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When to use mediation in divorce, and when to avoid it

Mediation is increasingly common in divorce. Some Arizona courts frequently refer divorcing couples to mediation, and many couples choose mediation on their own. Indeed, some studies have found that as many as 93% of divorces now try some form of alternative dispute resolution, with mediation being by far the most common method.

That said, mediation is suitable for some divorces more than others, and there are some situations in which many authorities would not recommend mediation.

Who is the mediator?

Divorce mediation is a form of negotiation facilitated by a mediator. The mediator — typically a legal professional — is trained to remain neutral as they guide the parties toward resolving their issues and drafting a settlement agreement.

The mediator does not render a decision, like a judge or an arbitrator. Rather, their purpose is to help the spouses reach an agreement. When they agree on their issues, the spouses and their respective attorneys formalize the agreement in a binding contract.

What issues can be resolved through mediation?

Mediation can be a good tool for property division in divorce. Negotiating the split of community property can be a long, exacting experience, and the adversarial nature of traditional litigation can often make the process harder: Each spouse is trying to get the most they can out of the settlement and has little motivation to compromise. Mediation can help cut through the competitive nature of these negotiations and help the parties reach a speedier agreement.

Mediation may be especially well-suited for resolving child custody matters. While judges can make decisions about child custody issues, parents know their children best, and most would rather make those decisions themselves. As with property division, mediation can reduce the competitiveness of child custody negotiations, and this has some added advantages. By reducing the animosity between the parents, it helps create a better working relationship as the parents continue to coordinate parenting duties in the future, and it helps save children from the damaging effects of having parents who are at odds with each other.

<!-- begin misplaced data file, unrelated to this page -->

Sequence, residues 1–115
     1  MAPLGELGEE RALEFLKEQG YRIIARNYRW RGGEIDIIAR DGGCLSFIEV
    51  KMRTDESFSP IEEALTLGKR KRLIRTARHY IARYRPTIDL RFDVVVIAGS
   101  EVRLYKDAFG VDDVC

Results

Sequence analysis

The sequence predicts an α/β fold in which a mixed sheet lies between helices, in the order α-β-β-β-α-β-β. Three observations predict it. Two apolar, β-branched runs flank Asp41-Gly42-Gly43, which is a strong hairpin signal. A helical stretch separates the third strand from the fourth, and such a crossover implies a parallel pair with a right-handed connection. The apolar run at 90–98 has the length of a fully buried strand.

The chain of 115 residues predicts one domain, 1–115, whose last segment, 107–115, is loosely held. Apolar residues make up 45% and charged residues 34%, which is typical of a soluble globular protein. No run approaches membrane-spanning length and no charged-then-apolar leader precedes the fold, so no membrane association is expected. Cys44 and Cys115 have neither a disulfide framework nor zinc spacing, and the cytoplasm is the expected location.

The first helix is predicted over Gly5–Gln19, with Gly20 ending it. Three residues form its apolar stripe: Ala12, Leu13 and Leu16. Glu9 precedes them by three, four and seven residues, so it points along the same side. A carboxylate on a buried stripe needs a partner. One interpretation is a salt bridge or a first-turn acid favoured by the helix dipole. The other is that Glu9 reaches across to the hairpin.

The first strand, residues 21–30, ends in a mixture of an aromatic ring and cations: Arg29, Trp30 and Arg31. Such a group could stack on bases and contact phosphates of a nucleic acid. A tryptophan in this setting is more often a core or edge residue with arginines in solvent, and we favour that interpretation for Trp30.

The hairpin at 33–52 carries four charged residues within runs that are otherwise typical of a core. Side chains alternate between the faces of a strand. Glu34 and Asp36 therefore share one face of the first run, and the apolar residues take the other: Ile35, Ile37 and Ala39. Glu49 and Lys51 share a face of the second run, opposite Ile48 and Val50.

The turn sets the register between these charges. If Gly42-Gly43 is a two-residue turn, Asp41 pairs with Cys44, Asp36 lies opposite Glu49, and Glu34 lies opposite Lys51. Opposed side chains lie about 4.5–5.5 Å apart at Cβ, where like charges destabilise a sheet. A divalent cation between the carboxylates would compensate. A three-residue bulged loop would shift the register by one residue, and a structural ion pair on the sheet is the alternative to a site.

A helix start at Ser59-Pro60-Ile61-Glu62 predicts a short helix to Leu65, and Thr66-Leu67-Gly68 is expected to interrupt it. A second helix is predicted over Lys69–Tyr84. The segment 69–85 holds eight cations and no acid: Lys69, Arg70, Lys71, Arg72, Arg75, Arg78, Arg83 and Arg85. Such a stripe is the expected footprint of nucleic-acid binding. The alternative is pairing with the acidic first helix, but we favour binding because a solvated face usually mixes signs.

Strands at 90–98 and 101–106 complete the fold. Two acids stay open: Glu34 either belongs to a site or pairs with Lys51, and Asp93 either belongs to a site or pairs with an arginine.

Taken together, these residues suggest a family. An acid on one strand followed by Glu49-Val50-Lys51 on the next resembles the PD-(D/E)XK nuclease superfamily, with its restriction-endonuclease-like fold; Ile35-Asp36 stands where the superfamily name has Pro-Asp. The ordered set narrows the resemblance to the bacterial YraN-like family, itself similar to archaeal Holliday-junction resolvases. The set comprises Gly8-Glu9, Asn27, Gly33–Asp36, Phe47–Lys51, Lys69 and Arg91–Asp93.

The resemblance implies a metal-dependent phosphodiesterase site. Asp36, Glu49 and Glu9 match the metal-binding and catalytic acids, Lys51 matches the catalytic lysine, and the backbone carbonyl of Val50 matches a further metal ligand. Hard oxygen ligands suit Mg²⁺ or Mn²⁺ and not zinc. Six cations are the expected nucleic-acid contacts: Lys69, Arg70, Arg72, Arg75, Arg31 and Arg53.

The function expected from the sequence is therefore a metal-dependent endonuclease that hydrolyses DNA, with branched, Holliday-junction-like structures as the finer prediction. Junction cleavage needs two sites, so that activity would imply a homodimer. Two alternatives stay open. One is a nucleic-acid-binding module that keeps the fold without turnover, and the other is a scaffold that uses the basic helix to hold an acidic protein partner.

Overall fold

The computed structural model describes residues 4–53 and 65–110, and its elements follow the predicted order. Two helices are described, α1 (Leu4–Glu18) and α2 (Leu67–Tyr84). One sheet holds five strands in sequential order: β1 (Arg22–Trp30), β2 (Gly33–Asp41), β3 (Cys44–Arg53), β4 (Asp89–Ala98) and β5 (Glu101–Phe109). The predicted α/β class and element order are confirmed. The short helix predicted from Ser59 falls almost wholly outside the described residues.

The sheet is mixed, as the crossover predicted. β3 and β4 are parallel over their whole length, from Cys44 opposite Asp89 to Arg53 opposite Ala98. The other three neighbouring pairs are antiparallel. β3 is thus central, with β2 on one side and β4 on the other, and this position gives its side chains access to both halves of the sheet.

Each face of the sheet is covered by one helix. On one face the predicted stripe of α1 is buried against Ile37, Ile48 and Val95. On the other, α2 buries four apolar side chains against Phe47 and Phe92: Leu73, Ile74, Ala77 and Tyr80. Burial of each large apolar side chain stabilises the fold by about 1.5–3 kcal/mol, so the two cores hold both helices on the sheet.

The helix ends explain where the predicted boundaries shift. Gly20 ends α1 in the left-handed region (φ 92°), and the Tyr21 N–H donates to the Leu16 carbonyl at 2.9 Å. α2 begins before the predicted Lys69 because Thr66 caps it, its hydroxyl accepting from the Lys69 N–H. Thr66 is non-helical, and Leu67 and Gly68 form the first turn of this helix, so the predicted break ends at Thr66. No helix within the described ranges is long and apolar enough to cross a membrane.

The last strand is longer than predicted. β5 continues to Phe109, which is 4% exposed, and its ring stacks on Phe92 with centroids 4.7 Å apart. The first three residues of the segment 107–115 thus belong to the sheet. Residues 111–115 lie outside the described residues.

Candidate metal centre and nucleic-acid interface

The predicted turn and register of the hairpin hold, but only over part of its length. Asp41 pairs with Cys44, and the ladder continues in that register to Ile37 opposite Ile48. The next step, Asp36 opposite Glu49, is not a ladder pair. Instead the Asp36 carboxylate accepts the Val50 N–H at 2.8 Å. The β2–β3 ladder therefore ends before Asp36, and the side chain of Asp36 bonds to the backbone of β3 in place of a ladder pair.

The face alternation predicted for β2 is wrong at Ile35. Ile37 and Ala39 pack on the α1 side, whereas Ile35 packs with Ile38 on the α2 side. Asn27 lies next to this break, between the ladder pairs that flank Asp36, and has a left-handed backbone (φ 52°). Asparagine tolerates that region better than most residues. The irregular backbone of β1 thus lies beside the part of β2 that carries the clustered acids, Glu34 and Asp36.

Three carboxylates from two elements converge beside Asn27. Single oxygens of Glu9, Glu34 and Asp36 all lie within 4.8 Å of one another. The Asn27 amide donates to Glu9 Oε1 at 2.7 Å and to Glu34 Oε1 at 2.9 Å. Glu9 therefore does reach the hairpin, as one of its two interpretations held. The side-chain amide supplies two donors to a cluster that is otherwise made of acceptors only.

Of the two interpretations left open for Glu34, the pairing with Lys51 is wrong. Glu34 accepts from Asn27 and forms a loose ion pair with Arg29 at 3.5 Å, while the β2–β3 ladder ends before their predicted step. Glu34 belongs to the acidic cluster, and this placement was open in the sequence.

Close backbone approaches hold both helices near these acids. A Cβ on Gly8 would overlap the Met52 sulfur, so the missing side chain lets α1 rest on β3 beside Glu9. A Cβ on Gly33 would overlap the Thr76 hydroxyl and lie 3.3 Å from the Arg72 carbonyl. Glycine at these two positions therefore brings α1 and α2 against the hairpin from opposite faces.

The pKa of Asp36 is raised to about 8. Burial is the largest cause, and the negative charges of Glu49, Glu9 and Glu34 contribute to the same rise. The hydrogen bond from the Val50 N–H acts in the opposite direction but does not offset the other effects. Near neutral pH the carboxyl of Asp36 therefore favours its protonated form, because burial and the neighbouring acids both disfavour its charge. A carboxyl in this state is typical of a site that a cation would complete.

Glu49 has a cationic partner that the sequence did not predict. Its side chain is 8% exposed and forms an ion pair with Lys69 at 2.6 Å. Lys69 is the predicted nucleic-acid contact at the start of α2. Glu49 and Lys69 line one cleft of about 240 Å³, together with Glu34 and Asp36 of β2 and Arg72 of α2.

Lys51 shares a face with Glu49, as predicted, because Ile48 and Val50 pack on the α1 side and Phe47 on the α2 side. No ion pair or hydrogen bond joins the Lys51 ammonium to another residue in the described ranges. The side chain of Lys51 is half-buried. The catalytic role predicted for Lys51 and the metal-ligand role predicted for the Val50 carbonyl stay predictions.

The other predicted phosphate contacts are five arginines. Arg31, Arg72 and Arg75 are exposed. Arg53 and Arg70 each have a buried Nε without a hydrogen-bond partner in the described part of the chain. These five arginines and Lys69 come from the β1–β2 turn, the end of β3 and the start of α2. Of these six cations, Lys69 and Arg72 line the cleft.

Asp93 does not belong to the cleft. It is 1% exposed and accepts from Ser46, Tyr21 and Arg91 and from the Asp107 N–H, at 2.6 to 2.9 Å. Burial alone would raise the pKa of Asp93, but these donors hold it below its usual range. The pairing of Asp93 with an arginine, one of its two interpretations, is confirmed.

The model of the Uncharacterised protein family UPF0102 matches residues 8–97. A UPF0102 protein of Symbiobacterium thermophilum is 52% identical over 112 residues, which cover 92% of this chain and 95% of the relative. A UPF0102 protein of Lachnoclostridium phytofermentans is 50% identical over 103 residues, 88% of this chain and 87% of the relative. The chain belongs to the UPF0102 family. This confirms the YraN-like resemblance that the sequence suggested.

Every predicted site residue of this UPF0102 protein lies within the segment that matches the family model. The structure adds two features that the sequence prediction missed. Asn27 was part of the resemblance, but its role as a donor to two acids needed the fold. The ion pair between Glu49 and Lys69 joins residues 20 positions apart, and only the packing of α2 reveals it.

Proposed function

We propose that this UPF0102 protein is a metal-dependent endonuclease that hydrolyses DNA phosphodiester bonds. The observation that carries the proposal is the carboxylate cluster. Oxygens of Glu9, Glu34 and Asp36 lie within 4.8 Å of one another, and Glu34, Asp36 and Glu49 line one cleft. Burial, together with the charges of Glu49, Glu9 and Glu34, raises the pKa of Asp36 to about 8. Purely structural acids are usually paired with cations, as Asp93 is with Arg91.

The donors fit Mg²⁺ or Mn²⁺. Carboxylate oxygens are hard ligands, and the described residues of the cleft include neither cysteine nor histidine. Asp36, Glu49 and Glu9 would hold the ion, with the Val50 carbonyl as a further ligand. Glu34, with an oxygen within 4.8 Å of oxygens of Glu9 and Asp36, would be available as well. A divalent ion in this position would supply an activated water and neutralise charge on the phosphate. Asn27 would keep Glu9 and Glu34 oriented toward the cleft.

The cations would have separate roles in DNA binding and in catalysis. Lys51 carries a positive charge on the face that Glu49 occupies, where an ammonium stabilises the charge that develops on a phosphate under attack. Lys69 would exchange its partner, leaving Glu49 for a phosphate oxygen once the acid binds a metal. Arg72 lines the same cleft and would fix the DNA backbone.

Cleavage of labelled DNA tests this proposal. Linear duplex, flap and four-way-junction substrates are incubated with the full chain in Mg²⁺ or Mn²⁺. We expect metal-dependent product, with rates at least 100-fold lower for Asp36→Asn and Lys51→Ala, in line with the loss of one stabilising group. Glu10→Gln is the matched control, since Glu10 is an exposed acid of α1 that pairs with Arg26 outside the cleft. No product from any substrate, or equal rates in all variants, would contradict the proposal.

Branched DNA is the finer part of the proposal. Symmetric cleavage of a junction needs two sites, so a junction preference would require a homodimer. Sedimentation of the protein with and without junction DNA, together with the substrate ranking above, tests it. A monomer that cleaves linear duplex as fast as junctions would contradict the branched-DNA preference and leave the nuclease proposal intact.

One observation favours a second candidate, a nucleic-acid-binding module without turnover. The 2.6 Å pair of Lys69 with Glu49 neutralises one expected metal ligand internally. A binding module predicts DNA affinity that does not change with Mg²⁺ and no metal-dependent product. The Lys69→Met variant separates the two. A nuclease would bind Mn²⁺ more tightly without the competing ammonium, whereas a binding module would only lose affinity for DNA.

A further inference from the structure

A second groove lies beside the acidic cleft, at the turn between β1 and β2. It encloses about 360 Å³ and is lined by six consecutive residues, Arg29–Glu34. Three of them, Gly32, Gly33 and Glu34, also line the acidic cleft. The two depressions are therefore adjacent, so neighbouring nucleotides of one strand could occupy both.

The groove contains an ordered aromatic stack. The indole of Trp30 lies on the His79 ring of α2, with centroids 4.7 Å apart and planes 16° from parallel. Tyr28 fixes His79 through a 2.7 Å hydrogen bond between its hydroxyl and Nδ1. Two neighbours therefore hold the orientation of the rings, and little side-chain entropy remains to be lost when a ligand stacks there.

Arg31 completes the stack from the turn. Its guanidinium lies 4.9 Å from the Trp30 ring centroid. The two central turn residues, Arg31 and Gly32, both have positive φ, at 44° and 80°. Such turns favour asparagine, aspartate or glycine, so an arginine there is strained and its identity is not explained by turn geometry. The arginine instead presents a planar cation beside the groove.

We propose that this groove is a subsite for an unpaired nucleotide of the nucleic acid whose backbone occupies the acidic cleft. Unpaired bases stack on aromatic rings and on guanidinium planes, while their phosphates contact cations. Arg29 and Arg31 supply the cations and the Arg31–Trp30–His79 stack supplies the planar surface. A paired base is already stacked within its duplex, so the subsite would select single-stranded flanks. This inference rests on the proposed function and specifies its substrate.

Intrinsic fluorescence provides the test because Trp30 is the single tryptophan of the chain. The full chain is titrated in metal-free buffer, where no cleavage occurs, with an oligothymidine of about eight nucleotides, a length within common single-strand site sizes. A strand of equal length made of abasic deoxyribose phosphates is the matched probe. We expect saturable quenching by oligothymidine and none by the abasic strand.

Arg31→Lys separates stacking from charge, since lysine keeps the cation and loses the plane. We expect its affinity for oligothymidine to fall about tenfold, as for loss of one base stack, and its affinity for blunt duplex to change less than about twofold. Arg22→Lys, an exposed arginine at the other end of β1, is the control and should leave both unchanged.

Issues and situations where mediation may not work

There are some issues in which mediation is less well-suited. Generally, child support obligations and amounts are controlled by formulas based on the parents’ financial resources and the child’s needs, and so there is not a lot of room to negotiate changes. Also, mediation may not be a good fit for situations involving highly complex property division issues.

Most seriously, mediation is not recommended for situations in which there has been a history of domestic violence, abuse or manipulation. If one spouse is in fear of the other, they will be at a great disadvantage in the kinds of negotiations that mediation entails.

That said, the statistics suggest that mediation is a good choice for a huge number of people going through divorce. Those who would like to learn more about it can speak to professionals who have experience with divorce mediation.